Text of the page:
Bob Albanese — Time Remembered
(Mayimba, 2015, CD)
by Jon Davis, Published 2015-12-06
In relation to the broad streams of jazz, pianist Bob Albnaese fits into a fairly traditional post-bop style, the territory occupied by Bill Evans or Chick Corea and Herbie Hancock when they’re avoiding the electric and funky stuff. For this trio outing, he’s joined by drummer Willard Dyson and bassist Eddie Gomez, and they tackle a set of Albanese originals and some tunes penned by others (Bill Evans, Clare Fischer, Billy Strayhorn). Albanese’s piano touches on many aspects of the instrument’s history in jazz, with hints of stride, gospel, blues, and latin, all with a fluid lyricism that’s easy on the ear and mind. His playing is never aggressive or abrasive, and the rare touches of dissonance pass very quickly. Gomez provides some of the album’s highlights, with great solos, sometimes including vocalizing along with his bass notes. My favorite moments are on the upbeat tracks, especially the latin-inflected “El Raton,” where Dyson propels the energy, building on standard patterns to create an infectious groove. Another standout is “Herbie Lix,” a quick-tempo tune based on, you guessed it, a lick from Herbie Hancock. It’s a kind of neo-bop workout that pulls out the stops with its fast unison melody. The lengthy “Furmina Daza Suite” climaxes with Albanese’s flashiest work, where he goes for broke and seems to have more than ten fingers at work. Two vocal tunes finish off the set: “The Place” features ukulele and what sounds like bongo drums, and “Changes” has one of those self-referential lyrics that describes its own theoretical structure. These show a less serious side, but border on sappiness in spite of their light-hearted nature. Other tracks strike more pensive moods, and while they’re lovely and well-played, they don’t distinguish themselves from thousands of other jazz piano recordings. My taste in jazz runs toward the more outside, but for listeners looking for good recordings of classic sounding new music, Albanese delivers the goods.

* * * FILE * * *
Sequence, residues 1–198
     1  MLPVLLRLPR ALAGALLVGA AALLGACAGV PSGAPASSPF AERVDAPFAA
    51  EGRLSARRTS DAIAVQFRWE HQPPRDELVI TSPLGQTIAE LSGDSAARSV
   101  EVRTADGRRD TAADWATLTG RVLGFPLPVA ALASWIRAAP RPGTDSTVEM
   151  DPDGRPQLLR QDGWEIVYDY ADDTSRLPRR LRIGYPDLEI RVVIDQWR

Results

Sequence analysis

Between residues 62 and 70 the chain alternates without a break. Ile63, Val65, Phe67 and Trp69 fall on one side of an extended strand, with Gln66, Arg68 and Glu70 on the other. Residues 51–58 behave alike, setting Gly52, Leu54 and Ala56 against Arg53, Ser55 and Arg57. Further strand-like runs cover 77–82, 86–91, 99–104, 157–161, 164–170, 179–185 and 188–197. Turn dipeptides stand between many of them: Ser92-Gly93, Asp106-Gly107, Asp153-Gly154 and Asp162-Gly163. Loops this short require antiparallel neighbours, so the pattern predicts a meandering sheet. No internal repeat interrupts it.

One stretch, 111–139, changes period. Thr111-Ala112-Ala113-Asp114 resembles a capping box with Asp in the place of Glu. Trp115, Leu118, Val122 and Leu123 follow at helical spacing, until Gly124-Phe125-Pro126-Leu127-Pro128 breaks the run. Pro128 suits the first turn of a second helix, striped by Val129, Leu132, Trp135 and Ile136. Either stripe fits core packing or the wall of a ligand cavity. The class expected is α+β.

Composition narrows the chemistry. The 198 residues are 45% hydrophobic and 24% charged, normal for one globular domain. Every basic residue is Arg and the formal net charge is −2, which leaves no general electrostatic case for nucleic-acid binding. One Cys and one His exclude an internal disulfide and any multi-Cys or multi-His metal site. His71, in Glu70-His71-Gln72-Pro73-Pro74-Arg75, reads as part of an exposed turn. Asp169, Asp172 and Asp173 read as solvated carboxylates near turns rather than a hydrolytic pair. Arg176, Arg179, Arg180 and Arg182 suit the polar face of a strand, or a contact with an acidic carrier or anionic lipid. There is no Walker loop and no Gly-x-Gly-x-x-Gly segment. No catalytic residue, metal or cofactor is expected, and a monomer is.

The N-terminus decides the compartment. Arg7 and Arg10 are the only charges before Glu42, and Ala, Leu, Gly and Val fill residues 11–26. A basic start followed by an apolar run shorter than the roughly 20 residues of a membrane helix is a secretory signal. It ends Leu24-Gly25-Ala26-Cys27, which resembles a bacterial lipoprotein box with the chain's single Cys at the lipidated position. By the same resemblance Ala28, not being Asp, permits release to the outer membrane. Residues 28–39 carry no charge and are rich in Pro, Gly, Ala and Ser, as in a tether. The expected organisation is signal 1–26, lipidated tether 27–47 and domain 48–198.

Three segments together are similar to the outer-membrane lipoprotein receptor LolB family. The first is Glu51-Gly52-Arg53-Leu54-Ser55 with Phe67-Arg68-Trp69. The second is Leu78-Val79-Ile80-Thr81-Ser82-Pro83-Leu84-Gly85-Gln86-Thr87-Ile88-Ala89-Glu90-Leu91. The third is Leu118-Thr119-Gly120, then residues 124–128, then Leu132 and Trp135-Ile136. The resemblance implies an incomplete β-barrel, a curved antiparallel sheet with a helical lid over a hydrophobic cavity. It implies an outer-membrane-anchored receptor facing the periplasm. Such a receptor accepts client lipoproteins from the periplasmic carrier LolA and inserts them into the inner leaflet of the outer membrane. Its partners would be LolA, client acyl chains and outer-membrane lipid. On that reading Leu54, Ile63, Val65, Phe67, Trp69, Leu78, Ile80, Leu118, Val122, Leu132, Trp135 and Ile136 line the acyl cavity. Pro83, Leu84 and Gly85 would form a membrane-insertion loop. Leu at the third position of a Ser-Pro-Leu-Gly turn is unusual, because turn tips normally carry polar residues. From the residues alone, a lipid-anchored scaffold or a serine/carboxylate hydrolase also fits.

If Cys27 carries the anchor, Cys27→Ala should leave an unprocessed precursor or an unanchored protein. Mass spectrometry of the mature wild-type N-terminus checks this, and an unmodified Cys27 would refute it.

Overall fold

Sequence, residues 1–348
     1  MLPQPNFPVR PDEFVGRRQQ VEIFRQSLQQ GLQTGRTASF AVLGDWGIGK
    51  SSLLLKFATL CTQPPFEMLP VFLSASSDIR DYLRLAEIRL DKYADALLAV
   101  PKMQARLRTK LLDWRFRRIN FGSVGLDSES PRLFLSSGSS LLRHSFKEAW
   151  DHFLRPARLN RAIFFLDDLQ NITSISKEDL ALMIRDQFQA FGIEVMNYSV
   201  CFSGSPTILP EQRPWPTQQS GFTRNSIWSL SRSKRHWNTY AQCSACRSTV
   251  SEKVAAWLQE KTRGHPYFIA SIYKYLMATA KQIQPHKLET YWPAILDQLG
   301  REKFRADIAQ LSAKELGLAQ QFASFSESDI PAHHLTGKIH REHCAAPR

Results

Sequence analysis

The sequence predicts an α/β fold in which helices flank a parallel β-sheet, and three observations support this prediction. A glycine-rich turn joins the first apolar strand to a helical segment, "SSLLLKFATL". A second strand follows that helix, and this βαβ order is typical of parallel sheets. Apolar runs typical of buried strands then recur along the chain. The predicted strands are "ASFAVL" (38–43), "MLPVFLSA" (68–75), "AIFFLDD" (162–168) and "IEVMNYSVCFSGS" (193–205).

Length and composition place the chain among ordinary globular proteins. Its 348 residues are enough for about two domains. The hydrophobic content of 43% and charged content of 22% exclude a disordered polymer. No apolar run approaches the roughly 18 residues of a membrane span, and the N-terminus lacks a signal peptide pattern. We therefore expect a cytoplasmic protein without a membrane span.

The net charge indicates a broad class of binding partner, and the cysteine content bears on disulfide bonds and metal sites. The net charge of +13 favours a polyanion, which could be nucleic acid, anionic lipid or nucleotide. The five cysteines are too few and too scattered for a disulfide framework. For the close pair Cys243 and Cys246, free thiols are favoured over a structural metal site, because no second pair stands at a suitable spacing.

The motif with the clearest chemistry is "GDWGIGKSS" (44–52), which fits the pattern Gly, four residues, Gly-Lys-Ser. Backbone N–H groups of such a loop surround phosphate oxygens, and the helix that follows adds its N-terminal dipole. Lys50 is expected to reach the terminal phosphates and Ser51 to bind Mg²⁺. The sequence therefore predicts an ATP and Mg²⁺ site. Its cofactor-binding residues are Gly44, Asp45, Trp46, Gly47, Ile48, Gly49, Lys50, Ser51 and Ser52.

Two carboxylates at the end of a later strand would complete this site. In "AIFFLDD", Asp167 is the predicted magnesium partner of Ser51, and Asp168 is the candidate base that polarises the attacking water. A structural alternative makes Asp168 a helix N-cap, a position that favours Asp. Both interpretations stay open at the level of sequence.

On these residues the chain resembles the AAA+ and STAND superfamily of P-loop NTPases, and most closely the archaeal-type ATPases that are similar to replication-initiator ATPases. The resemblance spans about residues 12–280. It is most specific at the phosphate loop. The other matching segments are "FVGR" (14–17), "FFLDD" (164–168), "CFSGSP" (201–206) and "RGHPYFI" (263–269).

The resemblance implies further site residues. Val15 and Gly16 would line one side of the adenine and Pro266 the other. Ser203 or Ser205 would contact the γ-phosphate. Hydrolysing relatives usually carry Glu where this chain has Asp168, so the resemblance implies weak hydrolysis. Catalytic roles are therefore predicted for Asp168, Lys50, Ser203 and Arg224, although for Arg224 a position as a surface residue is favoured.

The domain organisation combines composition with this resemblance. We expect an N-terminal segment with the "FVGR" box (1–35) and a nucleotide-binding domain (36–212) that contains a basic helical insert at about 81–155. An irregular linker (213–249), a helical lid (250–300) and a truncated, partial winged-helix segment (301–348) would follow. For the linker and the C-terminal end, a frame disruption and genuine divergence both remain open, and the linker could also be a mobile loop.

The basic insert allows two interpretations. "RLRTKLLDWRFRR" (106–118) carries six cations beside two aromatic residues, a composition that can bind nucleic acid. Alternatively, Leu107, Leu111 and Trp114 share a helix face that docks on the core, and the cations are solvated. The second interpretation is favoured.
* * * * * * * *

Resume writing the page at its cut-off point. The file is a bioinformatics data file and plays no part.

Didier Lockwood RIP – Word reaches us today of the death of one of France's great jazz musicians, violinist Didier Lockwood. His playing bridged many worlds, from traditional jazz to fusion to progressive rock, and his talent can be heard on recordings by Magma, Clearlight, Pierre Moerlen's Gong, and many more. Lockwood was 62. » Read more
10 Years of Fruits de Mer - The Incomplete Angler – Those of you who are faithful followers of Exposé will know that we have been promoting Fruits de Mer and its side labels and releases from nearly its first year. Now music journalist and author Dave Thompson has written a book chronicling the past ten years as a celebration of this milestone. » Read more
Bill Bruford Ventures into Uncharted Territory – Drum master Bill Bruford, veteran of some of the most creative bands in history (King Crimson, Yes, Genese, etc.), is sharing some of what he's learned about being a drummer and a musician in his new book, Uncharted: Creativity and the Expert Drummer, out on University of Michigan Press. » Read more
Spirit - Son of Spirit / Farther Along & Future Games / Spirit of 84 – After Spirit’s first four classic albums, the band entered a period of fluctuating personnel, style, and success. The double-LP Spirit of ‘76 had marked the revitalization of the band around... (2006) » Read more